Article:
An article from Forbes a few years ago addressed the personal impact of workaholism on the individual (click here for article). Creating an addiction to work has the potential for just as many outcomes as any other addiction including lost productivity, lost time at work, poor health leading to major issues including death, increased stress, insomnia, and other behaviors that can be career ending. Sleep deprivation alone results in more accidents and injuries on the job than anything else. Our brains need a break - we can't keep it up forever. Even the best of us will end up with a mental or emotional breakdown if left unchecked. (Click here to read the Harvard Medical School's study on the impact of sleep deprivation.)
For those who work for and around the workaholic, it can be just as bad. Workaholics tend to be perfectionists and the added stress to the workplace has a negative impact. A classic New York Times article reviewed the impact to others of workaholism. Issues such as significantly increased stress result when a workaholic demands employees to work similar hours as they do, attempt to meet impossible deadlines, and then jump in to micromanage the situation when work is deemed substandard. (Click here for NYT article.)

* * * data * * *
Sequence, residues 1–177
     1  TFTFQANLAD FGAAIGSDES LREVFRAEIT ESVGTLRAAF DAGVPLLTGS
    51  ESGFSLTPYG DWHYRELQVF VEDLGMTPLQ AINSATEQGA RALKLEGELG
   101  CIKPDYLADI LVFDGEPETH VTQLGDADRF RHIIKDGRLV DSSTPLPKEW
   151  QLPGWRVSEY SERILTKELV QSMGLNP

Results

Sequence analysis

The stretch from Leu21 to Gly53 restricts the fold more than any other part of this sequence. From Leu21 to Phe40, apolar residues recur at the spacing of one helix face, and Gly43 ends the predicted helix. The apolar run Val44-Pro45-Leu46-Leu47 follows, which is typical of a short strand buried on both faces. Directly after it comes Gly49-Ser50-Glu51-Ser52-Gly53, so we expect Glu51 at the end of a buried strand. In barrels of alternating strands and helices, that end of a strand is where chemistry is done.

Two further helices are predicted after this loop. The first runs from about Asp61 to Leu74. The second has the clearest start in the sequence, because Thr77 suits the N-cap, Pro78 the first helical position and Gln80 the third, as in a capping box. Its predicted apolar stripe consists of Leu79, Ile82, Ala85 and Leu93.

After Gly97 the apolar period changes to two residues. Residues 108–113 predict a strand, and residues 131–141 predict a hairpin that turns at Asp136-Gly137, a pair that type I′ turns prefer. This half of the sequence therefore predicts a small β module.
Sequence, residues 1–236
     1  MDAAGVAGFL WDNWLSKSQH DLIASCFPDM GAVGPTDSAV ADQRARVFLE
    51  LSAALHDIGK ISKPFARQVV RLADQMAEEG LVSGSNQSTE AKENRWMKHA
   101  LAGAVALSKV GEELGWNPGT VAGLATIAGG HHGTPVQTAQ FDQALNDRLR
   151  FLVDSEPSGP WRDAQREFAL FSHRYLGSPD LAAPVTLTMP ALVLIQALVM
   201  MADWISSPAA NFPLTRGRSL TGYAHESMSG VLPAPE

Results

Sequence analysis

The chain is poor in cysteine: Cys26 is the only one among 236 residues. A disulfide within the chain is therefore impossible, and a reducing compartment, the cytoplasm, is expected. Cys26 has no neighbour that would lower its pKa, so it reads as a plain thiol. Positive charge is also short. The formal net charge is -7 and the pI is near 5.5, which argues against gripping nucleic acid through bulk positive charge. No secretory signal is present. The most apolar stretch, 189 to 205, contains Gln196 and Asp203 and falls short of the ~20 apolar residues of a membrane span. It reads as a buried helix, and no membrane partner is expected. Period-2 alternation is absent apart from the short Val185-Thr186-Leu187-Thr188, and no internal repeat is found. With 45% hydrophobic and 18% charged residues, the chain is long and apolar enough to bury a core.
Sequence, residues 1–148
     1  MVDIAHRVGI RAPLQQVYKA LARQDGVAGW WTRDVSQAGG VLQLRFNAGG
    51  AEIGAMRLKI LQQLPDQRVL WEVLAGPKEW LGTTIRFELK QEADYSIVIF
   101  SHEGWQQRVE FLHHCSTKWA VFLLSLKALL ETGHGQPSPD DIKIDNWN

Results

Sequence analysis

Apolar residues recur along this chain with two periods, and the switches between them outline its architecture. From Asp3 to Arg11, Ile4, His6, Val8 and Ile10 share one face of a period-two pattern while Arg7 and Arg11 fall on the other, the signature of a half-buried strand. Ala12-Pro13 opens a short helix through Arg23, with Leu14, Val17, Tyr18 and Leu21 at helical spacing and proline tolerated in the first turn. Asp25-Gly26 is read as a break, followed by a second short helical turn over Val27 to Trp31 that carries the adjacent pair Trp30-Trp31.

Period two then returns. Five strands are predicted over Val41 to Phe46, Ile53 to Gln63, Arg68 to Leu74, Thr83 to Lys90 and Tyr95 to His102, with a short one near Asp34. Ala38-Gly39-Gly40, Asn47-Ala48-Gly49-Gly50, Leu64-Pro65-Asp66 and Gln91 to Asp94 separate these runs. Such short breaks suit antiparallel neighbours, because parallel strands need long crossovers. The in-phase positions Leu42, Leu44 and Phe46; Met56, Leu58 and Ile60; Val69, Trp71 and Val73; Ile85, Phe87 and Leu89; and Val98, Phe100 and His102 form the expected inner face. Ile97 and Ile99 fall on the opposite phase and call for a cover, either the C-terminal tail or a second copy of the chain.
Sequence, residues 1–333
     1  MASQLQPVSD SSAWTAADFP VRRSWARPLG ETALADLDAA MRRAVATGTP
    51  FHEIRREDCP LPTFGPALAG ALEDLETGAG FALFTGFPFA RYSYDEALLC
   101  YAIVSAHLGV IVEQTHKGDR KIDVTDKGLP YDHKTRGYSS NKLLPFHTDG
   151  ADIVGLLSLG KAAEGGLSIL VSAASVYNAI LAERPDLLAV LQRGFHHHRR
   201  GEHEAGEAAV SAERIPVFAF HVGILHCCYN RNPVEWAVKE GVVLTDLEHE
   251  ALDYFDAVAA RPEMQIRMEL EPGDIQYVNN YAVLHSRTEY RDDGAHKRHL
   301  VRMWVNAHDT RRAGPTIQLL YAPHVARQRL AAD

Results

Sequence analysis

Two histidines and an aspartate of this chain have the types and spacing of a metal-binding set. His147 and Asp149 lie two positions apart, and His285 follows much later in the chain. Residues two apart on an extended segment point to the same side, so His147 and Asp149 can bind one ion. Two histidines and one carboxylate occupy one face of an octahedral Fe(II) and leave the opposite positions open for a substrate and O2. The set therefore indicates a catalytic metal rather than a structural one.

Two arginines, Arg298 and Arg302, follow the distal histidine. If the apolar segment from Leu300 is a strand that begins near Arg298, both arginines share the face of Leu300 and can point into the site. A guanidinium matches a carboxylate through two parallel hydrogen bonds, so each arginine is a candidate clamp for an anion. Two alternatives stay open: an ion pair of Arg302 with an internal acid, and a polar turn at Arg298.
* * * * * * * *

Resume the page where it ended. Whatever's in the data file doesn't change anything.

To help these individuals, demand they take time off from work. One company I know insists that every employee (not just managers) take at least one full workweek off per year. They are not allowed to open emails, do any work, or make calls to the office. They have only one number they are allowed to receive calls from - in case of a dire emergency - but it needs to be "dire" in nature. By forcing them to unplug, it accomplishes a couple things. First, it allows the employee to unplug and do it right. Second, if anything is going on that shouldn't be, a week is usually sufficient time for improprieties to come to the surface (which helps to prevent fraud and other situations).